Cybercriminals crack Microsoft software
Microsoft’s Digital Crimes Unit (DCU) is partnering with cybersecurity company Fortra™ and Health Information and Analysis Center (Health-ISAC) to combat cybercriminal activity related to “cracked” versions of Cobalt Strike and Microsoft software.
“The ransomware families associated with or deployed by cracked copies of Cobalt Strike have been linked to more than 68 ransomware attacks impacting healthcare organizations in more than 19 countries around the world,” wrote Amy Hogan-Burney, manager of Microsoft’s Digital Crimes Unit, in an announcement.
“These attacks have cost hospital systems millions of dollars in recovery and repair costs, plus interruptions to critical patient care services including delayed diagnostic, imaging and laboratory results, canceled medical procedures and delays in delivery of chemotherapy treatments, just to name a few.”
Cobalt Strike is a tool used by organizations all over the world to simulate cyberattacks so they can build stronger and better cyber defense plans. Cybercriminals have taken and altered older versions of the software, known as “cracked” copies, to launch attacks on unsuspecting victims while evading detection.
“We have observed ransomware operators using cracked copies of Cobalt Strike and abused Microsoft software to deploy Conti, LockBit, and other ransomware as part of the ransomware as a service business model,” Microsoft continued.
On March 31, 20023, the U.S. District Court for the Eastern District of New York issued a court order that empowers Microsoft, Fortra, and Health-ISAC to combat cybercriminals by disrupting the “malicious infrastructure used by criminals to facilitate their attacks.”.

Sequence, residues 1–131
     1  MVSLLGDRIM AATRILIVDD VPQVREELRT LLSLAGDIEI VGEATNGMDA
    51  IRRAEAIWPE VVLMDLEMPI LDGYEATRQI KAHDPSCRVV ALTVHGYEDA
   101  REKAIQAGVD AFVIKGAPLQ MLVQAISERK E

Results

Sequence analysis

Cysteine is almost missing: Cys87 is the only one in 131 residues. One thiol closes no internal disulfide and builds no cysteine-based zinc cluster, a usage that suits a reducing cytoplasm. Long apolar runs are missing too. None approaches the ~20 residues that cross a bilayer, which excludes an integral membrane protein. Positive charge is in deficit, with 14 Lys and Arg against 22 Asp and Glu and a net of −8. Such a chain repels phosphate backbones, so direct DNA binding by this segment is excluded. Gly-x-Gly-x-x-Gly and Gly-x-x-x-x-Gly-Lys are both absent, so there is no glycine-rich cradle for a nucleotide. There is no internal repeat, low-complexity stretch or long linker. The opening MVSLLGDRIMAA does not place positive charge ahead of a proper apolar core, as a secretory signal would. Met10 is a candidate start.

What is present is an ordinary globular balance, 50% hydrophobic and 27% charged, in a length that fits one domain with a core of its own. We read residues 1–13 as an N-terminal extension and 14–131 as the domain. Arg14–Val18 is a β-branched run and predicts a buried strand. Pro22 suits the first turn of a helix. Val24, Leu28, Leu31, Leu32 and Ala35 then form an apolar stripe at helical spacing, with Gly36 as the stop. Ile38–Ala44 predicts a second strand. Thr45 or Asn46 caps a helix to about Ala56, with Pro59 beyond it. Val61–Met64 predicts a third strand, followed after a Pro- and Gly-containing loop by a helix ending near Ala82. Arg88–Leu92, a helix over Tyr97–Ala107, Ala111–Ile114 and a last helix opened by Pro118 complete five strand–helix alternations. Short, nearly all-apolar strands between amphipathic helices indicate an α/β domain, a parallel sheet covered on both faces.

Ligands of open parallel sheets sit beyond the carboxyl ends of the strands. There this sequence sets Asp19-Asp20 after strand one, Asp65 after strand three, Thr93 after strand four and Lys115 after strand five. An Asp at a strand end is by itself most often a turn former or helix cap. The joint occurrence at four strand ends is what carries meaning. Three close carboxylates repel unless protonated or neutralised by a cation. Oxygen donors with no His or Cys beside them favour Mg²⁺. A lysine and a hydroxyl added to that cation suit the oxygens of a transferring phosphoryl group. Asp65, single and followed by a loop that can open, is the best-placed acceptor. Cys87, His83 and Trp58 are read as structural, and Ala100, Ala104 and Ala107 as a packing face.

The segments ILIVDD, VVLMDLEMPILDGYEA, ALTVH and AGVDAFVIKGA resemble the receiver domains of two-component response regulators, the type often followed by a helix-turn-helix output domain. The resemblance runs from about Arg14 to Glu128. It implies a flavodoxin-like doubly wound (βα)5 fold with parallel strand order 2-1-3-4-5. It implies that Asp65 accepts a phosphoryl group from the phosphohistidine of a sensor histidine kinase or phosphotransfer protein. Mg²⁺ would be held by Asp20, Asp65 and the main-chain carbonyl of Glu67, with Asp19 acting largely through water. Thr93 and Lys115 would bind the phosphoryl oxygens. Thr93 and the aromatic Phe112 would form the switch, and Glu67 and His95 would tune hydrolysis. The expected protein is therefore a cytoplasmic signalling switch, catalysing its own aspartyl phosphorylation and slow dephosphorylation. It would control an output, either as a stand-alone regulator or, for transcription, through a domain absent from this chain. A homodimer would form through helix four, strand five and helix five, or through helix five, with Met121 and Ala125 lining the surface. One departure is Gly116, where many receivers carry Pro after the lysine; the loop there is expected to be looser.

Microsoft, Forta, and Health-ISAC plan to protect targets by alerting affected internet service providers and computer emergency readiness teams (CERTs) to help take infrastructure offline, which blocks the cybercriminals’ access to their target.
Unlike previous cyber missions from DCU, they are working with Fortra to delete “cracked” copies of Cobalt Strike to prevent its exploitation in the future.
Cybercriminals have been abusing Cobalt Strike to launch massive cyberattacks around the globe, including against the government of Costa Rica and Ireland’s Department of Health, for over a decade. In November of 2021, the U.S. Department of Health and Human Services issued a warning to U.S. healthcare organizations regarding the potential abuse of Cobalt Strike.
The exact identities of the cybercriminals are not known, but Microsoft notes, “In addition to financially motivated cybercriminals, we have observed threat actors acting in the interests of foreign governments, including from Russia, China, Vietnam and Iran, using cracked copies.”
As cybercriminals continue to evolve and adapt their tactics, it is clear that the fight against cybercrime will require ongoing innovation and collaboration between the public and private sectors.
“Microsoft, Fortra and Health-ISAC remain relentless in our efforts to improve the security of the ecosystem, and we are collaborating with the FBI Cyber Division, National Cyber Investigative Joint Task Force (NCIJTF) and Europol’s European Cybercrime Centre (EC3) on this case,” Microsoft continues.
“While this action will impact the criminals’ immediate operations, we fully anticipate they will attempt to revive their efforts. Our action is therefore not one and done. Through ongoing legal and technical action, Microsoft, Fortra and Health-ISAC, along with our partners, will continue to monitor and take action to disrupt further criminal operations, including the use of cracked copies of Cobalt Strike.”